Video released this week of a fatal crash involving an Uber-owned self-driving car showed the vehicle’s safety operator was distracted in the moments prior to the crash. Safety drivers are a common feature of self-driving car tests conducted on public roads today, but the fact Uber had an autonomous car deployed with a solo operator appears to be unorthodox.
The autonomous driving industry is still in its infancy, therefore companies deploy safety drivers to resume control of the wheel in case the technology fails. With all the redundancies in place to detect potential hazards in the road, a safety driver essentially serves as the last line of defense.
A 22-second clip released Wednesday night by Tempe police shows the operator of the Uber vehicle, identified as 44-year-old Rafaela Vasquez, repeatedly looking away from the road, up to the moment before the car strikes the victim, 49-year-old Elaine Herzberg.
It isn’t yet known what Vasquez was distracted by. Typically, autonomous cars have a monitor in the center dash that displays what the car “sees” through its suite of autonomous tech, so it’s possible Vasquez was focused on that prior to the collision.
But the majority of companies testing autonomous cars on the road today rely on a team of two—one safety operator at the wheel, paying attention to the road; another that monitors and logs what’s revealed through the autonomous tech.
On Thursday, Jalopnik contacted all 52 companies listed on the California DMV’s website as having a permit to conduct self-driving car tests in the state, and that was the consensus based on those who responded to our inquiries about policies for safety operators.
Only Google’s self-driving car unit, Waymo, said it uses single drivers when testing on public roads—but that policy wasn’t enacted until 2015, six years after the company first started developing self-driving car technology and had logged one million miles on the road.
Waymo told Jalopnik it only uses a single driver in cases when the vehicle being driven uses validated hardware and software. When it comes to new test vehicles testing out new hardware or software, drivers, in new cities or road types, Waymo said its policy is to have two test drivers in the vehicle. (Waymo launched a fully-driverless car pilot program last year that’s ongoing in the Phoenix area.)
Alan Hall, Ford’s communications manager for autonomous cars, told Jalopnik the automaker—and its self-driving car unit Argo AI—utilizes a two-person safety operation team in test vehicles.
“The operator in the driver position monitors the road ahead,” Hall said. “The passenger safety operator monitors performance of the self-driving system through a laptop computer.”
Toyota has a similar arrangement.
John Hanson, director of communications and public affairs for the Toyota Research Institute, said in an email that it currently uses both a safety driver at the wheel and an operator who monitors a display of what the test vehicle sees.
“The two are in constant verbal communication,” Hanson said.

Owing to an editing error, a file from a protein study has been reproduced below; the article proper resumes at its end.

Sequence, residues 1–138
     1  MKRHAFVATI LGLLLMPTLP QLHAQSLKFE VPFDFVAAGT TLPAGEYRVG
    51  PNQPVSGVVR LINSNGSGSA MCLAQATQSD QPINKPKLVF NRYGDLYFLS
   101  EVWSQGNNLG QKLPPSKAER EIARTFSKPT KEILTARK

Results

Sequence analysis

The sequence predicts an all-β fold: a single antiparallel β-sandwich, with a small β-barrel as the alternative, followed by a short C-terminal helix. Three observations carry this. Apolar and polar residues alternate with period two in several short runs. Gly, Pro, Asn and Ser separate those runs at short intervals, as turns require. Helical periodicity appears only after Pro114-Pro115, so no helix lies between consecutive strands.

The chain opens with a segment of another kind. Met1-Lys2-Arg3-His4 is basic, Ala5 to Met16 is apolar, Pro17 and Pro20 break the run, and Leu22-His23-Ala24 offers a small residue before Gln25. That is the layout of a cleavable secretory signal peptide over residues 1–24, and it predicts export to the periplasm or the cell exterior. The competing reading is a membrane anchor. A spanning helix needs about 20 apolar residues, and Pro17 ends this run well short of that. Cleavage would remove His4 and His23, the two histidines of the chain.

Nissan, which logged about 5,000 miles of self-driving car tests on California roads last year, also said it uses two safety operators.
“Nissan’s autonomous vehicle testing includes a safety driver at the controls trained to be constantly engaged with the vehicle and a test engineer in the passenger or rear seat to monitor and operate the system,” said Chris Keeffe, Nissan’s senior manager of corporate communications.
It’s hard to say why Uber deployed a test car with only one operator in the car that struck Herzberg. The ride-hailing company has been racing to advance its self-driving car program, following a rocky 2017 that was hindered by a major lawsuit involving Waymo. One of Uber’s biggest costs is paying contracted drivers, and it hasn’t shied away from the fact that it believes removing them from the equation would be good for business.
The company hinted earlier this year that it believed Uber’s technology could be ready to put completely driverless cars on the road by 2019. Execs have conceded it still has a long way to go to reach that point.
One way to accelerate its testing efforts could be accomplished by racking up mileage. Uber only started testing in Arizona in earnest just over a year ago. It’s unclear how many drivers it has approved to test cars in Arizona; only California has significant reporting requirements for companies that test self-driving cars in the state. If Uber’s California testing requirements are any indication, testing drivers undergo a lengthy process to become a certified.
If Uber has a process in place on when it chooses to deploy one or two safety drivers isn’t clear. The company didn’t immediately respond to a request for comment on its polices and standards for safety drivers.
A spokesperson said in a statement Wednesday the video is “disturbing and heartbreaking to watch, and our thoughts continue to be with Elaine’s loved ones,” and reiterated that Uber’s test cars remain grounded while the investigation of the federal, state and local investigations of the crash are ongoing. If we hear back, we’ll update the post.
Update: We switched the top image to one of Uber’s Volvo XC90s from a previously used Ford Fusion, as Uber no longer uses a fleet of Fusions.